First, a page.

A Year in Review: Taking a look back at our accomplishments in 2009

As we look back at the accomplishments of 2009, we see that it was a year of planning and organizing. We spent most of the first half of the year formalizing the work that we were already doing around the world. 

The first steps in developing an organization that could support sustainable programs in various regions with different and varied cultures included establishing a name. The four directions are very important in most native cultures, however, we wanted to imply that our work was a combination of give and take; a two way street, hence the name Four Bridges. We also wanted to convey that our work was not rooted in one central area, but that we would travel to where the need is greatest. Finally, we practice under the principals of permaculture.

So, with the name Four Bridges Traveling Permaculture Institute, we began to work on a logo. We adopted a basic design from the Hotinoson:ni, or Iroquois People. The circle of men and women represents people of all races working together for a better tomorrow. On the inset of the logo we added the word bridge, in four different languages; English, Spanish, Mohawk and Quechua, the main communities that we currently work with.

With these basic tools established, we began to develop organizational guidelines, and a project plan. From there we began to work hard on the tasks of grant writing, public relations, and program development.

To date we have succeeded in securing a seed grant from the Kalliopeia Foundation, the and a generous donation from Grandmother Flordemayo, Seed Grandmother, International Council of Thirteen Indigenous Grandmothers.

We are now operating a 3-acre educational farm in Santa Cruz, NM. Sken:nen Ken’hak, or Peace Forever Farm is a place of quiet solitude, peace and tranquility. Although much of the growing season had passed by the time we took over, we have been busy preparing the land for the 2010 growing season. We have plowed the fields, planted winter rye, established several compost processing areas, and are developing plans for an irrigation system.

We are also preparing an area for taking on some farm animals including chickens, ducks, geese, goats, and perhaps a pair of llamas.

Spirituality & Agriculture

We at the Four Bridges Traveling Permaculture Institute believe in the spirit of the land. Our planting, cultivating, and harvesting practices include prayers, song, and special rituals that our ancestors practiced in ancient times. 

We believe that, in order for a plant to grow healthy and strong, one must be at peace in the garden. 

As we were opening the Sken:nen Ken’hak Educational Farm, we were fortunate to have a visit from world famous labyrinth builders Robert Burton and Jeanne-Rachel Solomon of Maui Synopsis in Maui, Hawaii. They designed, and assisted us in building a special labyrinth for the farm.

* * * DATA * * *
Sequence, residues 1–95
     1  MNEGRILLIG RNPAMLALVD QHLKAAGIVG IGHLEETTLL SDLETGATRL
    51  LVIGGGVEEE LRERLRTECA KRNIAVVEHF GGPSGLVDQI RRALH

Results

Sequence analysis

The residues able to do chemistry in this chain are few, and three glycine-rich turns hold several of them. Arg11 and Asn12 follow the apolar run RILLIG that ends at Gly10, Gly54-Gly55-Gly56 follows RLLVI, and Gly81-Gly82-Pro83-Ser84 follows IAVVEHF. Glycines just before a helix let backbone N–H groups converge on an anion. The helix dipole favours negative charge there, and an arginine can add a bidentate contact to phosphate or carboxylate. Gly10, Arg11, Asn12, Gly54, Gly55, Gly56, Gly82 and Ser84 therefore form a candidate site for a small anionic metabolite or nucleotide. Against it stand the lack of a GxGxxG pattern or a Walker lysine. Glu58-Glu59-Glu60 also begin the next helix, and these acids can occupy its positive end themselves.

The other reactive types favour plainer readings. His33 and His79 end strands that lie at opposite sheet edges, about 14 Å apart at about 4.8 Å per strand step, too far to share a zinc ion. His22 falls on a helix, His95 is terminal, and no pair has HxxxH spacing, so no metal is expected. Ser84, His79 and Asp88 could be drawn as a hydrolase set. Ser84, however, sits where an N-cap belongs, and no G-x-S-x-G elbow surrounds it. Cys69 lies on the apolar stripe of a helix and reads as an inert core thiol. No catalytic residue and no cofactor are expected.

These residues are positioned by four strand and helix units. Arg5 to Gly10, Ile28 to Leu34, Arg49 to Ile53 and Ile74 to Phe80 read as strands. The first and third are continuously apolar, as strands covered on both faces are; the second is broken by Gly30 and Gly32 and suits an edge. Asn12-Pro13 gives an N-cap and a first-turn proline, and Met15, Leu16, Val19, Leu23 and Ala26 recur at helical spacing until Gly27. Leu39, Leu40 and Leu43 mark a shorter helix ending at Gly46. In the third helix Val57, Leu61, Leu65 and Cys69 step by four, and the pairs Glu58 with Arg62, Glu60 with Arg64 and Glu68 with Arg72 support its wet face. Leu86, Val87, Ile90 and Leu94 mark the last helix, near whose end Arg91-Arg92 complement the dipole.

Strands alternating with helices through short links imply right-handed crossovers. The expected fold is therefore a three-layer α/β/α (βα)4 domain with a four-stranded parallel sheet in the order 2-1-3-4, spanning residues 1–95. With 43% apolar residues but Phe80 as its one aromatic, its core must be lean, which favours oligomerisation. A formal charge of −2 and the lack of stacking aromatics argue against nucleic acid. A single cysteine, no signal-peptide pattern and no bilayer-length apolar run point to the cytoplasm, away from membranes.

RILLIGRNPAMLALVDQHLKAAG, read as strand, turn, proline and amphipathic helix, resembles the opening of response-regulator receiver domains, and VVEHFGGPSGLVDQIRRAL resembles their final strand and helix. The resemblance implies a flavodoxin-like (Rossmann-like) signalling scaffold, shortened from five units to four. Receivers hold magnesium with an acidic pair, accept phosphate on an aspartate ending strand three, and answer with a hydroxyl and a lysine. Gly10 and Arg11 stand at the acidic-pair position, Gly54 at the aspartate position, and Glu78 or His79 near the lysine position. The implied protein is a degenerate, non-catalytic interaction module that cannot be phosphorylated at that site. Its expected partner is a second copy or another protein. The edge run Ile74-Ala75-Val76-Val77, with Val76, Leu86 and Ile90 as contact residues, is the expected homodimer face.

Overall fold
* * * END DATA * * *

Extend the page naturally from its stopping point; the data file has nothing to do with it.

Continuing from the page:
This labyrinth is the focal point of the farm, and offers a place for prayer and meditation pror to any major activities at the farm. The labyrinth is also the place where we hold our monthly Moon Ceremonies. For a schedule of upcoming ceremonies, refer to our website.

Soapmaking from Buffalo Tallow: Ancient Ways Meet Modern Times

We kicked off a series of soapmaking workshops this fall at the Sken:nen Ken’hak (Peace Forever) Educational Farm, in Santa Cruz, NM. Lorraine Kahneratokwas Gray has been making soap from various ingredients for over 10 years. 

While she has worked with vegetable fats, olive oil, and coconut oil, her favorite medium for making soap is buffalo tallow. 

Making soap from buffalo tallow is a lengthy process. She begins by processing the raw fat that is discarded after a buffalo has been butchered. In ancient times, native people did not just used animals as a source of food. Every part of the animal was used; bones for tools, sinew for sewing, and fat for it’s softening properties. 

At the present time, Gray receives buffalo fat from the Picuris Pueblo Bison Project. She processes the fat in the colder months, since the boiling process produces an unpleasant aroma that attracts flies in the warmer months. The raw fat is boiled down over several days, adding water as needed. The process of heating during the day, and cooling at night helps to speed up the break down of the fats. Once the membranes have completely broken down, the mixture is strained through a sieve, and allowed to cool. As the mixture cools, the fat rises to the top and hardens, producing a round cake of tallow that resembles a cheesecake. 

Once the tallow is ready, the lye must be prepared. The hard wood ashes from the fire used to boil the fat is now recycled to make lye. This is another lengthy process that takes several days of filtering fresh spring water through the ashes to produce a lye strong enough to make soap. 

Finally, organic herbs and essential oils, many of them donated by Grandmother Flordemayo, are added to the mixture to make a hard soap with creamy bubbles that produces a wonderful aroma. New classes on soapmaking will be offered in mid-January.

Sustainability: It’s not only about food

We would like to thank all members, individuals, and organizations that supported us this year, including Grandmother Flordemayo Seed Grandmother, International Council of Indigenous Grandmothers, Picuris Pueblo Bison Project, Laureen Pepersack, REV Productions, Ronnie from Santa Cruz Farms, Katie Blanchard, and the Kalliopeia Foundation.